subjects:(c) engineering and architecture: (d) public administrationand social services. Of this long list, only three have beenaccepted in Dr. Ambedkar's amendment, namely, "art, scienceand social services" and a new item has been added, namely,"letters". I submit, Sir, that there is a danger inrestricting the choice of the President in the matter ofnomination to only four classes and rejecting the choice of the President in the matter of nomination to only fourclasses and rejecting the others. There is no reason why thechoice should not be rather wide than restricted. However,my amendment (the first amendment which I have moved) wantsto introduce Philosophy, Religion and Law. Sir, I submitthat Philosophy is peculiarly Asiatic in origin. So isReligion. All the great Philosophies and all the greatReligions emanated from the East. There is no reason why weshould give up the Philosophers or the men who are theleaders of Religion. It is only the other day that at theinstance of Mr. Kamath we introduced the name of Almighty in the constitution. In fact the President is to take the oathof office in the name of God. Having agreed to give theAlmighty a place in the Constitution, I think that Religionwhich follows from God should also have some recognition inthis Constitution. It is often hinted that Religion is avery bad thing and that it leads to quarrels. I submit, Sir,that Religion never leads to quarrels. It is communalismthat leads to quarrels and not Religion. All the greatReligions are really good and supply a fundamental moralbasis for humanity to act. Therefore, Religion should not bediscarded; so also with Philosophy. A philosophical attitudeis particularly useful for a House like this; particularlywhen a Member finds that his amendments are not listened toor his speeches are not listened to by the Honourable theChairman of the Drafting Committee, he cannot but bePhilosophical. So for God's sake, do not discard Philosophytoo.

Then comes the matter of Law. I submit, Sir, Law shouldalso be represented. The legal talent of the Upper Houseshould particularly be strengthened, because the Upper Housewill rather be a revising chamber and Law should beparticularly represented. Men like Sir Tej Bahadur Sapru,Shri Alladi Krishnaswami Ayyar...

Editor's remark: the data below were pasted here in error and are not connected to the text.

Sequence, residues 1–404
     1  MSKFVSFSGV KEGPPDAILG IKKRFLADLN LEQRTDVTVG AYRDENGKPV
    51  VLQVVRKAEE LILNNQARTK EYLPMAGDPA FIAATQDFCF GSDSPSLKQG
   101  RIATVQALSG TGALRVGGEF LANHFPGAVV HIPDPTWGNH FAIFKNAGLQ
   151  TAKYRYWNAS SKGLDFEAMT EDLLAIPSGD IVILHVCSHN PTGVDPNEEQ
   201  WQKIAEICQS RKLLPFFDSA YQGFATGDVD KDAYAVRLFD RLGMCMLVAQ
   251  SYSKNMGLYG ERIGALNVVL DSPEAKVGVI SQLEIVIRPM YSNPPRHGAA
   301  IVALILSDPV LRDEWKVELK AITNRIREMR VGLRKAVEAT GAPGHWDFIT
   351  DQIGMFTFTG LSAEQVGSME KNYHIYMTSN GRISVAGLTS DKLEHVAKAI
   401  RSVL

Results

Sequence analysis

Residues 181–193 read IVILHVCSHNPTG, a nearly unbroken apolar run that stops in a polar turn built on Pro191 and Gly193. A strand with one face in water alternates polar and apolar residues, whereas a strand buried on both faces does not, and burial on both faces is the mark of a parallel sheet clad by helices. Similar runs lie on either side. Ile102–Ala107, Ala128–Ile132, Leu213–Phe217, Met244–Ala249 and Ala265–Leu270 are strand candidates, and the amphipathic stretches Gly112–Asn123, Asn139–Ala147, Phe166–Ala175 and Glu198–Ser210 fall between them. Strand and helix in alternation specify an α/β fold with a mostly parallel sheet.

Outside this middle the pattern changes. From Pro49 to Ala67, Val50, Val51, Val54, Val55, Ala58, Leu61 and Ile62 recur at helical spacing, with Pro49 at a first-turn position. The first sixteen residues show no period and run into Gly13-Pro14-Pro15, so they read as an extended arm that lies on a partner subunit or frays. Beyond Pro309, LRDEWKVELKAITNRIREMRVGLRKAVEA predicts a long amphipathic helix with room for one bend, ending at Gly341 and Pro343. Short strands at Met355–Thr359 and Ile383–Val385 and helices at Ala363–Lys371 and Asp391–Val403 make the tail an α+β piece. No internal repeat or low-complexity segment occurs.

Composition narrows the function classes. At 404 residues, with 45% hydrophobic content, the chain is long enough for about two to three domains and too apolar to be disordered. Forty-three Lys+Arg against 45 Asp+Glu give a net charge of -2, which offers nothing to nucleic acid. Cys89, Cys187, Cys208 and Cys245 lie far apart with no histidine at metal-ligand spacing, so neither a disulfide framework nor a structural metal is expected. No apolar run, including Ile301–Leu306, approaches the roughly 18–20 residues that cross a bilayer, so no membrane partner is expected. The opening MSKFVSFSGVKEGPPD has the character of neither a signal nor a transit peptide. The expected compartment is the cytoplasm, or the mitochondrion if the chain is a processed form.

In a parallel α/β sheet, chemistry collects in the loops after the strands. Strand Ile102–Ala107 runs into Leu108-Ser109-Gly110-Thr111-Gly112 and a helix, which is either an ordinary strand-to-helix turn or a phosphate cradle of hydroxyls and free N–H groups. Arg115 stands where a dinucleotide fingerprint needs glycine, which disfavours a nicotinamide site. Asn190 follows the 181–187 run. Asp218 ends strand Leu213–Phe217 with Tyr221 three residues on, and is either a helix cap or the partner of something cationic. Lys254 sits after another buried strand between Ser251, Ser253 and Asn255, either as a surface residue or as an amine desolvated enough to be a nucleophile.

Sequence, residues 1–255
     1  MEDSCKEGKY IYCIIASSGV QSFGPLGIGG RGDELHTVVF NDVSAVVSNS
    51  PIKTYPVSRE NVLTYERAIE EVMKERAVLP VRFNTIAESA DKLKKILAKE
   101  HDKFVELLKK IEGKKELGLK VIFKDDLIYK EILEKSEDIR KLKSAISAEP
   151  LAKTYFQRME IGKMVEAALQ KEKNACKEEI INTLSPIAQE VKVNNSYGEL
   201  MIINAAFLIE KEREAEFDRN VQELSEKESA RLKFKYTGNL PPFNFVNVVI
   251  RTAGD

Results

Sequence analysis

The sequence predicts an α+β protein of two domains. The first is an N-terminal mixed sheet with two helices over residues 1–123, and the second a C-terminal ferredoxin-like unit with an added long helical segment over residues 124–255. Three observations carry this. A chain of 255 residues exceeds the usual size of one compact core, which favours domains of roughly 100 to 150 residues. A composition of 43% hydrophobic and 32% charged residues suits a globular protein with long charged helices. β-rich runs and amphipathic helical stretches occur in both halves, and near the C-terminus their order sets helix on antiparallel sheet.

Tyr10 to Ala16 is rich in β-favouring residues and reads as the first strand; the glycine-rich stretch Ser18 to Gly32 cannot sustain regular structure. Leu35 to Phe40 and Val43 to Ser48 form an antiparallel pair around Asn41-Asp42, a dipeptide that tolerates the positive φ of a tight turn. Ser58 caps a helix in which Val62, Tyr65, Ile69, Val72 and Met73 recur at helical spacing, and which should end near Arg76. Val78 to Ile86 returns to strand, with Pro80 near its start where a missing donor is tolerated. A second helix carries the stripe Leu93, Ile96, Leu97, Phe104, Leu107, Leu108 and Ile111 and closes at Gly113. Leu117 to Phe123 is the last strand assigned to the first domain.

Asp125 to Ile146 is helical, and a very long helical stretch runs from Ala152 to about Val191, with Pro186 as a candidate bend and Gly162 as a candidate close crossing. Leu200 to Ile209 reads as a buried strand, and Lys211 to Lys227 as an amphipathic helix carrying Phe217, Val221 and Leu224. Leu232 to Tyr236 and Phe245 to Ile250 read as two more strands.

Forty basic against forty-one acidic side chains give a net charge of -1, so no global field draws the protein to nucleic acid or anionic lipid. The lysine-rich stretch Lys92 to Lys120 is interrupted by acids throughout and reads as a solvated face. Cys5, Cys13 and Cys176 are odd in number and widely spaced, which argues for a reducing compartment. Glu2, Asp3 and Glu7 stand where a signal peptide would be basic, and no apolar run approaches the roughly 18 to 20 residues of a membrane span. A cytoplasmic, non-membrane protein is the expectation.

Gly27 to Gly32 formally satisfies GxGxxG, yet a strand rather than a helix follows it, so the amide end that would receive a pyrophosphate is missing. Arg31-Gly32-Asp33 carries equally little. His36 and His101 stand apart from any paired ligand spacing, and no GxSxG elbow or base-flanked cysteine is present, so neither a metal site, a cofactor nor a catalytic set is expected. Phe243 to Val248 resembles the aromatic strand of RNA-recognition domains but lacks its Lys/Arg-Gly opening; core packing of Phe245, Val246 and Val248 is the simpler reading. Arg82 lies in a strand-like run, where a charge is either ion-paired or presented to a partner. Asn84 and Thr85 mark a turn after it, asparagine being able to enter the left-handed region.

Shri L. Krishnaswami Bharathi: Sir B. N. Rau.

Mr. Naziruddin Ahmad: Yes, Sir. B. N. Rau too. I amthankful for the suggestion. These are very useful names. I think their names should not be shut out from the choice of the President. It may be that at any future election we maylose Dr. Ambedkar himself, and there should be some means ofbringing him in by a presidential nomination. Then there isthe Rt. Honourable Mr. Jayakar. These are really great menof the Law and their addition, or rather the choice of thePresident in their selection should be very useful. In thesecircumstances they should also have some place.

Then with regard to the second amendment: I have alsotried to introduce Journalism, Commerce, Industry and Law,Law has already been suggested in my previous amendment.With regard to Journalism, journalists have also a greatduty to perform. In fact, they are a kind of go-betweensbetween the Legislature and the people and between thepeople and the Legislature. Ideas which are expressed in the legislature are disseminated by the journalists, and ideaswhich prevail among the people are also brought to thenotice of the legislators by journalists. A democracy is runby the three States the Executive, the Legislature and theJudiciary. To these must be added the newspapers which havebeen described as the Fourth State. They also play a veryimportant part in the role of freedom of a country.Journalism should also be one of the categories from whichthe President could make his selections.

Then we come to Commerce. We want to associate thosegreat commercial magnates who are really the wealthproducers in the country and they should also be represented and their advice and counselwould be of great help. So also with Industry.

These are the different categories from which theselection

should be made.

I submit that the introduction of these classes willnot in the least compel the President to select or nominateanyone from any of them. The choice would be reasonably wideand I submit that this amendment should be accepted by thisHouse.

In making the suggestion about Journalism, Commerce,Industry and Law, I took them from a suggestion made by afew learned lawyers who considered the Draft Constitution in the "Indian Law Review" of Calcutta. It is a quarterlyjournal. It is in volume 2 at page 9 onwards. There, withregard to this very clause of this article, they havesuggested that Journalism, Commerce, Industry and Law shouldalso be represented. They said that there is no reason whythese important professions and callings should not beincluded as well. The great point which I wish to suggest to the House is that the choice should not be restricted, butshould be widened. It would be an advantage to havedifferent professions and callings in the list so as to makethe choice of the President easier and better.

Mr. Vice-President: The next amendment in our list isamendment No. 16 in List No. 1 standing in the name of Mr.Sidhwa.

Shri R. K. Sidhwa (C.P. & Berar: General): I am notmoving my amendment.

Mr. Vice-President: The next amendment is No. 18 inList No. 1 standing in the name of Shri B Das.

Since Shri B. Das is not in the House we pass it over.